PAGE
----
Publishing/Writing: Insights, News, Intrigue

10/19/2011

Booksellers Wage E-Book Battle … With Superheroes No Less !


Green Lantern is part of DC Comics' exclusive content deal with Amazon

More publishing intrigue! 🙂

Amazon, in an effort to beef up its new Kindle Fire Tablet, has pulled a cool coup and scored an exclusive contract with DC Comics for the digital rights to a hundred popular graphic novels (including Superman, Batman, Green Lantern, the Sandman, and Watchmen).

This Amazon action pissed off Barnes and Noble AND Books-a-Million so much so … that they pulled all the superhero physical titles from their store shelves … saying they would not sell any books they did not also have digital rights to. 

And this B&N and B-a-M action pissed off all the comic book fans so much that they have charged the subject frigging booksellers with screwing with the graphic novel community.

You see where this intrigue is going exponential … ‘Intrigue Squared’, you might say.

Details by  in CNET News:

Booksellers involve superheroes in e-book battle

Holy e-comic clash, Batman!

Amazon, apparently in an effort to add muscle to its recently unmasked Kindle Fire tablet, sparked a real-world fight over superhero comic books when it inked a deal with DC Comics for the exclusive digital rights to a hundred popular graphic novels, including Superman, Batman, Green Lantern, the Sandman, and Watchmen.

That arrangement apparently did not sit too well with rival bookseller Barnes & Noble, which has an e-book reader it would like to see flourish. In response to DC’s deal, Barnes & Noble removed the physical copies of the titles from its store shelves, saying that it would not sell books it did not also have digital rights to. Books-a-Million, another large bookseller, took the same action for the same reason.

Comic book fans paint all the players in this tale as villains: They accuse Amazon of turning its back on the graphic novel community, label DC Comics as greedy, and characterize Barnes & Noble as similarly uncaring and childish.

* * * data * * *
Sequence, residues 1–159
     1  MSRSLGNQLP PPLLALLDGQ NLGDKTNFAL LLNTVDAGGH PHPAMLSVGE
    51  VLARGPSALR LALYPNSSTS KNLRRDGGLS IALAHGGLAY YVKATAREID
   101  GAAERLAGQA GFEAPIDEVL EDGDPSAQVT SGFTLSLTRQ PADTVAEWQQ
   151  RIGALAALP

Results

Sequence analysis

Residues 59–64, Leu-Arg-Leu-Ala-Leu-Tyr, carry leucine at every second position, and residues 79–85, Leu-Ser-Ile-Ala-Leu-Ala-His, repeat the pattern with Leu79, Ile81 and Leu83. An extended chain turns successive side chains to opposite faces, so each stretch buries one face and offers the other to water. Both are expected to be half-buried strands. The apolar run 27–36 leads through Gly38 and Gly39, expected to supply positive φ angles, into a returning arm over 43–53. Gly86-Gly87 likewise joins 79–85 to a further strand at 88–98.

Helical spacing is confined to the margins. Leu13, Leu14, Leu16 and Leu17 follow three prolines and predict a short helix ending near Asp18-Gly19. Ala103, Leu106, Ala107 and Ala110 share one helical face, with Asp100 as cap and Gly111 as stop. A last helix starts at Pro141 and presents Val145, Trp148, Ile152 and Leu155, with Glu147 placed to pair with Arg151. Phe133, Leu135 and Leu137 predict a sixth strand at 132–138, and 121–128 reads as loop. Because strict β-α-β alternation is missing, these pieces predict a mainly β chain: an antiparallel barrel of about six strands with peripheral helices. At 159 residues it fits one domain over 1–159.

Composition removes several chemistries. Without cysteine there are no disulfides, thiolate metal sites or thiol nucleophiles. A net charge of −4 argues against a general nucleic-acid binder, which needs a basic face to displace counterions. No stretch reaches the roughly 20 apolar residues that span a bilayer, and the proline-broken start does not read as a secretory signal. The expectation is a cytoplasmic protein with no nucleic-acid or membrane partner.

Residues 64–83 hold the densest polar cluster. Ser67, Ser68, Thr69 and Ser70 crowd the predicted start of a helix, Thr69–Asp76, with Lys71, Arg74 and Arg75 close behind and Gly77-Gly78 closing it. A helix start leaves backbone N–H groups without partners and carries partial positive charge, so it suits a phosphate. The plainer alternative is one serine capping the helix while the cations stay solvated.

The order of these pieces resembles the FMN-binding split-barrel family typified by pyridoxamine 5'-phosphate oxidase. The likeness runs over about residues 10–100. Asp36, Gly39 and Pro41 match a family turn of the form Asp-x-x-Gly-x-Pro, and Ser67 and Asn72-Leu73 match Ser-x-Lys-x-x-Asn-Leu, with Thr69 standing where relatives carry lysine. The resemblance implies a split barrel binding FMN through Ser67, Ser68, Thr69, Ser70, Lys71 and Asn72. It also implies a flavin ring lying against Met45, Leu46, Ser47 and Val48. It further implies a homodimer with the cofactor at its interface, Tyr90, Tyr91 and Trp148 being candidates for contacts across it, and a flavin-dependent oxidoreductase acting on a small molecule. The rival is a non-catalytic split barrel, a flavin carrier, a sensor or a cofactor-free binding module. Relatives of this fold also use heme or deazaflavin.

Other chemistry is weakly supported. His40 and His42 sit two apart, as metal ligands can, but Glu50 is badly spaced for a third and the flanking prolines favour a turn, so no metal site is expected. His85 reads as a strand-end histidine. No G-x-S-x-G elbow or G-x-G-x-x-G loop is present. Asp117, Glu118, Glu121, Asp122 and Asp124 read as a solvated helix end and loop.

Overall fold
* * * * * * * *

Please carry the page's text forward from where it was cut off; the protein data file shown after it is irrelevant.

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08/08/2010

Who’s Winning the E-book War–Amazon or Apple?

Filed under: Amazon,Apple,e-books war,iPad,Kindle — gator1965 @ 8:46 am

We all know that Apple’s iPad sold 3.3 million units since it’s introduction in April. The purposefully cloudy reporting of Amazon’s earning figures make their Kindle sales harder to discern (we don’t want our competition to know type thing)…Hummmm, the whole Kindle reporting method seems cloudy to me, as well as Amazon’s motives and agenda. But, their single-function Kindle is still selling like hotcakes and is on back-order for now…I just can’t help but wonder, though, if it’s days aren’t numbered against the multi-functional iPads and future clones.

Randall Stross writes this for the New York Times:

THE Kindle from Amazon.com is designed to let us do one thing very well: read. To survive, it must excel at this, not only by jostling to stay a nose ahead of other e-readers, but also by maintaining an enormous lead over the Apple iPad and its coming competitors. The multipurpose iPad can do thousands of things very well; used for reading book-length texts, it doesn’t excel, but it’s passable.

Last month, Amazon introduced a pair of third-generation machines — smaller, lighter and with crisper text. One has a new, lower entry price of $139. “I predict there will be a 10th-generation and a 20th-generation Kindle,” said Jeffrey P. Bezos, Amazon’s chief executive. If that sounds a tad defensive, it’s probably because of the instant success of the multipurpose iPad: 3.3 million units sold since its introduction in April.

We know how many iPads were sold because Apple is straightforward about reporting the unit sales of all of its products. Amazon is a different story. We don’t know the size of Amazon’s Kindle business because the company is averse to disclosing details of its operations. When it reports its financial results, the company that sells just about anything that can be put in a box or sent electronically divides its businesses into just three categories: “media,” which lumps books, music and videos into one indistinguishable agglomeration; “electronics and other general merchandise,” an even larger, indistinguishable agglomeration; and “other.”

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